’They’re already looking at sites, trying to work out how many kids you can fit in an abandoned Zavvi’
Quentin Shears, 48, is a partner in Newt UK, the recently rebranded Hertfordshire-based quantity surveying subsidiary of US construction giant Gator Corp. While Quentin has been coming to terms with his new masters’ work culture, they have been deciding quite what to do with their new outpost in Austerity Britain. As the practice’s schools expert and a much-put-upon father of two, Quentin has spent much of the past week explaining the intricacies of the British education system - such as why public schools are private - to his American boss, John Gatz Jr …
I can’t help feeling that the government’s free schools policy sounds a lot less appealing than the extremely expensive schools policy that preceded it. And while councils know where to go to get their costs managed by skilled professionals, this isn’t necessarily true of groups of parents turned educational reformers.
“We’ve got to get someone on the inside, Quentin,” said John Jr, after he’d called me into his office to discuss matters. “There’s a group going round, known locally as the Continuity PTA. They’re already looking at sites in the town centre, trying to work out how many kids you can fit in an abandoned Zavvi. Dr Parsloe, the head of RE at St Aloysius, is ready to join them, and they say Marjorie the lollipop lady is open to offers. Apparently she’s bitter as hell she’s never been given an OBE and is ready to move to the highest bidder. But, hey, that’s the open market.”
I looked at him, alarmed. There was something about the phrase “someone on the inside” that concerned me.
“Quentin,” he said, leaning forward, “I want you to infiltrate these people. Find out what their game is. This could be big for us. You fit their profile - you have that hunted, oppressed look that marks out men with young children. Plus, I remember you saying you turned your garage into a utility room last year. That kind of experience could prove invaluable in today’s education market.”
So it was that two days later I found myself being ushered into the opulent drawing room of Greg Sewett, a City lawyer, father of Cosimo, Tabitha, Tyger and Aphrodite, and leader of the group Parents United in Serving Hertfordshire’s Youth. “Great to see you Quentin,” he greeted me warmly. “The more people we get on board, the more great things we can do here. You see,” he added darkly, “parents are the future.”
Parents were also, it seemed to me, the furniture. The drawing room was teeming with them, on every chair, divan and ottoman, a mass of anxious humanity united in fear of the local state schools and the prohibitive cost of educating a brood of four privately.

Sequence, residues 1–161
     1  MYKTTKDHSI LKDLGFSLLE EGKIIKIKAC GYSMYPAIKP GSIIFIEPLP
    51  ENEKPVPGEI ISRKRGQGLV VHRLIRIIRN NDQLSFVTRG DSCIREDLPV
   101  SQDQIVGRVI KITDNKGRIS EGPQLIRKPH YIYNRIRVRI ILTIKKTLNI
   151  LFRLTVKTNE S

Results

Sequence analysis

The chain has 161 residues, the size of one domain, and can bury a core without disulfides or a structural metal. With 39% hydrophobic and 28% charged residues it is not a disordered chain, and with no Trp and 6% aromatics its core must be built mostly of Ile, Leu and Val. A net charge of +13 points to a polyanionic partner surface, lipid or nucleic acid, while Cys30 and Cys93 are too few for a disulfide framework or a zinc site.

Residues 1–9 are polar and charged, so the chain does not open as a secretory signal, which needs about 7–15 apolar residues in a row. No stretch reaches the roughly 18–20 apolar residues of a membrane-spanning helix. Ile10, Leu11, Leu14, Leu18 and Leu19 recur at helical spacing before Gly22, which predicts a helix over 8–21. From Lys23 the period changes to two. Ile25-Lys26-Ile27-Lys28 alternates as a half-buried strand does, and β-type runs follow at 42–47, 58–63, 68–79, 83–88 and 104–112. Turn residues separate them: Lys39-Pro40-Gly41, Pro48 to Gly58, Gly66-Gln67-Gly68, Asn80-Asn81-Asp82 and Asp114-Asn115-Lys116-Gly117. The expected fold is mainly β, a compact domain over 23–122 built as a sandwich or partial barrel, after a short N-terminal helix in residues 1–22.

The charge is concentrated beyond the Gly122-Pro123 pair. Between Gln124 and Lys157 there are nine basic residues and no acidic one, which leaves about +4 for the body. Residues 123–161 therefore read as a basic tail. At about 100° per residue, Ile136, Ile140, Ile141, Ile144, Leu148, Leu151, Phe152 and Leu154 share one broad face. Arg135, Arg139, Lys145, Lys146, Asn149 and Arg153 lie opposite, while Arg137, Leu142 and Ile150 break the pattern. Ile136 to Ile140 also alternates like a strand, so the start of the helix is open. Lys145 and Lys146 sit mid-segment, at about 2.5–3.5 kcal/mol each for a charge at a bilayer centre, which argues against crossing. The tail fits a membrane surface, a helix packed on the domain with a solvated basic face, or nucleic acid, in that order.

“You can’t afford to mess around when it comes to your own kids,” said Graham, a management consultant who was squeezed next to me on an antique chaise longue. “But I’ve already forked out for a new Ford Galaxy - and there is a recession on.”
The meeting surged forwards on a wave of shared enthusiasm, which was entirely unfettered by anything as obstructive as a shared approach to education. Greg was very keen on a free school he’d read about in Sweden and its “traditional pedagogy”, which apparently means they use blackboards. “We need to get back to basics. Let’s get Latin back into the state system.”
“Yes, what I like about Sweden,” said Lucy, a stay-at-home mother of three turned charity entrepreneur, “is the way they let the children decide the curriculum. If the teachers aren’t working out, I’ve heard the kids have the constitutional right to sack them.”
“Yes, absolutely,” agreed Greg. “But let’s not forget about discipline. A firm hand is what’s missing from our current system.”
“Yes, exactly,” said someone else. “And we must offer opportunities for all! Equality of excellence!”
“Absolutely, yes,” said Greg. “That’s why it’s so important we do Latin. Everyone deserves the chance to study Latin.”
“Exactly,” said Lucy. “I know we’re all eager to help develop the syllabus. But surely the first thing we need is a building - and some consultants who can offer their services absolutely free of charge.”
“Absolutely, yes,” I heard a voice say. Disconcertingly, I realised it was mine. I’m not sure that’s what John Jr had in mind, but it just seemed like the thing to do.
As told to Nick Jones